Want to take a tour of a San Diego guitar facility? Want to meet the CEO/founder of a wine company? How about getting career insights from top business professionals, learning how to build a professional network on LinkedIn or attending a panel discussion with members of the entertainment industry?
If you’re a declared business major at the University of San Diego, you’re probably already aware that these upcoming events are prime opportunities toward fulfilling your graduation requirement for the Professional Development Passport Program.
If not, or you’re a new student, perhaps you heard about a very popular passport event in February? Business finance alumnus Lorenzo Fertitta ‘91, chairman and chief executive officer of Zuffa LLC, which owns mixed martial arts’ Ultimate Fighting Championship, filled the KIPJ Theatre with passport students interested to hear about his rise in the business world.
The School of Business Administration’s passport program, which started in January 2009, is a graduation requirement for all declared undergraduate business majors. It consists of three mandatory requirements — meeting with SBA’s Career Services, attending a networking event and completing an online USD Senior Exit Survey — and nine flexible passport points including attendance at specific events, completing a not-for-credit internship, community service project participation or attending an approved off-campus seminar or conference.
“It’s a passport to success in the business world,” said Jewel Leonard, assistant director of SBA Undergraduate Programs. “The passport program helps students understand that they need to be looking beyond their four years in college to develop the necessary professional skills that will benefit them in all ways of life.”
Just ask Jennifer Ix, a May 2011 Business Administration graduate, who speaks highly of the passport program’s value.
“The word ‘requirement’ sometimes carries a lot of unwanted weight with busy USD students,” Ix said. “Requirements can be seen as chores, but I would strongly encourage students to steer clear of this mindset. The passport program is something business students should look at as an extremely rewarding and beneficial opportunity. Taking advantage of the passport program will allow you to learn everything you need to know to begin life in the professional world after graduation. It’s the final tool that students need to combine with everything they learn in the classroom.”
Chris von Huene, a junior business finance major, has heeded this advice several times over. He’s already attended more than 30 passport-approved events, particularly enjoying panel discussions on finance and job recruiter insights.
“Passport program events have helped me greatly. They’ve given me an opportunity to gain real world knowledge, provided me with a few mentors and additional insight into the career paths I’m considering,” von Huene said. “I believe the combination of my education in the classroom and the passport program provides a well-rounded basis for a great education.”
Ix said her favorite experiences in the passport program came through connecting with Christy Bergheim, director of SBA’s Career Services Department.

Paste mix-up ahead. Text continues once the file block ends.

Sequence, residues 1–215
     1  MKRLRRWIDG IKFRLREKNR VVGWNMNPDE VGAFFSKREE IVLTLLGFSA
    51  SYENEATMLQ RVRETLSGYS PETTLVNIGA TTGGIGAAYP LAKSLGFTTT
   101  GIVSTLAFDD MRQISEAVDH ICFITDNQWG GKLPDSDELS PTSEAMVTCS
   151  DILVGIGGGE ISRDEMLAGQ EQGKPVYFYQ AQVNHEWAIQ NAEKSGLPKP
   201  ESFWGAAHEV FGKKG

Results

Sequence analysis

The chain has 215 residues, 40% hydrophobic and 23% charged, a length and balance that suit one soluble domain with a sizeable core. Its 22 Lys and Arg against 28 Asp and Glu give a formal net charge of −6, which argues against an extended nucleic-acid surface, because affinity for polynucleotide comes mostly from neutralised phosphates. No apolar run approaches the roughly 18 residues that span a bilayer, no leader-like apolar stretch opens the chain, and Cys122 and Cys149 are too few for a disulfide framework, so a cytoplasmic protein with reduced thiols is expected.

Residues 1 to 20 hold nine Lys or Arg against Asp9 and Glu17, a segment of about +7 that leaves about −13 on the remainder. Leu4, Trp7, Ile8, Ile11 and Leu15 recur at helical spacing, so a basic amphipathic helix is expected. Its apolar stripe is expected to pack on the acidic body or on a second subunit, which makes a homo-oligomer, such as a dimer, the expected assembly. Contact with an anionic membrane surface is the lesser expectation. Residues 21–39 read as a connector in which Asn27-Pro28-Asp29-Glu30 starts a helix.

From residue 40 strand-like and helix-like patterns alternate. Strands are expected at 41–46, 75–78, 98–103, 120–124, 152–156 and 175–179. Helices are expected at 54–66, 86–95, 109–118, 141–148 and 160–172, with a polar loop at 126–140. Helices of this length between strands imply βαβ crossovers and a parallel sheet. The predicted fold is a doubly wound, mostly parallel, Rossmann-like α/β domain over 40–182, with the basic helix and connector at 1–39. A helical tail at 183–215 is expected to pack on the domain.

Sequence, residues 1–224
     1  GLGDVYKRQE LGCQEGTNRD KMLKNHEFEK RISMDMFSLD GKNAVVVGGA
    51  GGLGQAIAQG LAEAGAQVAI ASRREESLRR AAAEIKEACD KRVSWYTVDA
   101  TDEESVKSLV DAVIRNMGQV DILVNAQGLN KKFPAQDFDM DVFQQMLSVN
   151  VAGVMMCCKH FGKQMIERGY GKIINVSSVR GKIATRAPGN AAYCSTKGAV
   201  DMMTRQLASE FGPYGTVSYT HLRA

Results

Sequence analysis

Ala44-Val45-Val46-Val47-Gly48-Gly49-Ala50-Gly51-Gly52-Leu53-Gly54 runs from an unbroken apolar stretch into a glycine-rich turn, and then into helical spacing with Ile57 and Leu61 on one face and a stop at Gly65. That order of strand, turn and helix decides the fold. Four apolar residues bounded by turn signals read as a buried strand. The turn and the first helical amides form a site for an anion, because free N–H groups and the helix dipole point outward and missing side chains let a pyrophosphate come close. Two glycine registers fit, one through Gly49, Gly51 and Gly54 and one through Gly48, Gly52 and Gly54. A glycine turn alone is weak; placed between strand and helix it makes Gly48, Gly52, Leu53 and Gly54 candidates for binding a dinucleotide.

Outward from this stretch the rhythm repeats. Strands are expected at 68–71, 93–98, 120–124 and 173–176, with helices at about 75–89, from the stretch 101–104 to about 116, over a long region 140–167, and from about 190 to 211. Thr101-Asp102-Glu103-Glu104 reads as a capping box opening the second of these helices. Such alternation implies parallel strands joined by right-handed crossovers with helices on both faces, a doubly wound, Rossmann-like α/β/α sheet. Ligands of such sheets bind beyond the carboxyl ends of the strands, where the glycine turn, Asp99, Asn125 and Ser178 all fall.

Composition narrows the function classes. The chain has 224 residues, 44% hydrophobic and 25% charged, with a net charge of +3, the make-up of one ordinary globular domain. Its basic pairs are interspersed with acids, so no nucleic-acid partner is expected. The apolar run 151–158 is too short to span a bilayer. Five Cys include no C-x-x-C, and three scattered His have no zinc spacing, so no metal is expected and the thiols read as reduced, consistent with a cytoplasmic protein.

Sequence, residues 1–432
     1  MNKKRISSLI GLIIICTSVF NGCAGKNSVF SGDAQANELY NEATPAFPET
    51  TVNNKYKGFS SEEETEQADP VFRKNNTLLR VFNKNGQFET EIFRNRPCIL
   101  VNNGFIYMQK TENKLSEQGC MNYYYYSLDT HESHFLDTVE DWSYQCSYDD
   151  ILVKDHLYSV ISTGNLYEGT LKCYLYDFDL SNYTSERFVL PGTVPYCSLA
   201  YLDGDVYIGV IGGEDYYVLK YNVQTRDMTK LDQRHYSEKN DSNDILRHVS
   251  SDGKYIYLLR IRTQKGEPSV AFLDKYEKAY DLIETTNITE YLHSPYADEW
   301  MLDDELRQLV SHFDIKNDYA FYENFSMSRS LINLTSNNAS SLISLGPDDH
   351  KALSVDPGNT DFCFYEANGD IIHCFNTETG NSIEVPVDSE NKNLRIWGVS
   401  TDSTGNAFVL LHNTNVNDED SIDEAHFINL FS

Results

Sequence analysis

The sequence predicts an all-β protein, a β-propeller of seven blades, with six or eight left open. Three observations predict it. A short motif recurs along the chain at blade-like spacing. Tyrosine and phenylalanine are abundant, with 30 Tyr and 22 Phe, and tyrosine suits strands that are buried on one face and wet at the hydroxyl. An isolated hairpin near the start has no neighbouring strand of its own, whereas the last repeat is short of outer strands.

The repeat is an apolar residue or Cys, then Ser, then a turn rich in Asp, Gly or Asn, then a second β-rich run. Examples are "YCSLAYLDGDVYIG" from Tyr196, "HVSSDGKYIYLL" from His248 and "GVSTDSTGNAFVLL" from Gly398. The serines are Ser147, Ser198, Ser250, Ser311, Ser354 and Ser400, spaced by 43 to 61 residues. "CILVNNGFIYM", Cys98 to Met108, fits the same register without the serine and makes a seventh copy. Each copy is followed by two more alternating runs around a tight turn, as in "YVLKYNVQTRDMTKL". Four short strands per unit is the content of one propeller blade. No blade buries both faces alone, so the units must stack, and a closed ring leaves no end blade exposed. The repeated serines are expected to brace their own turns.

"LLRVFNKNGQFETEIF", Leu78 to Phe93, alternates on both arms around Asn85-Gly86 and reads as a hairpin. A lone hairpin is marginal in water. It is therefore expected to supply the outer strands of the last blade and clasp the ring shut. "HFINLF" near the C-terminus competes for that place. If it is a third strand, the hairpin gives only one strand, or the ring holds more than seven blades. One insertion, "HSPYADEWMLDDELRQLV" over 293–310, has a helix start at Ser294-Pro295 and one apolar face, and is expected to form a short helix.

“Christy’s dedication to her business students and the program was a big influence in how I approached the passport program,” Ix said. “I understood the passport program was designed to continuously prepare us and put us in that job search mindset as even younger undergrad students. I took advantage of all the events that were workshops, such as the ones on resume building. These were extremely helpful. Business professionals were guiding us through the essential process of building our resumes and the interview process.”
Bergheim, who is constantly creating ways to connect students with business community leaders, alumni-run companies and USD parents whose companies get involved with the school, said the passport program has been “revolutionary” for her department.
“A Passport Program event helps us bring in great guest speakers and makes me confident that we’ll have a terrific audience when someone like Al Carey, the CEO of PepsiCo (Nov. 1, 12:30 p.m. KIPJ Theatre), comes to speak to our students,” she said.
Ix, who interned at Global Village Concerns while at USD and now works for GEICO Insurance where she’s currently going through its supervisor leadership program, helped herself through attendance at networking events.
“Those are ultimately what helped me the most in my internship and job search. Being able to interact with employees in an environment that’s comfortable for everyone is essential at that stage in the job search. I got my internship and current job through USD’s passport events and career center.”
The passport program also rewards proactive business students, von Huene said.
“You get what you put in,” he said. “If you simply go to a seminar, make no effort at all to talk to others who attend, don’t take notes and don’t talk to speakers afterward, you won’t get much value from the passport events. But, if you take the passport events as an opportunity to meet new people and learn something new, then you’ll definitely achieve that goal.”
— Ryan T. Blystone
Lorenzo Fertitta photo courtesy of Rodney Nakamoto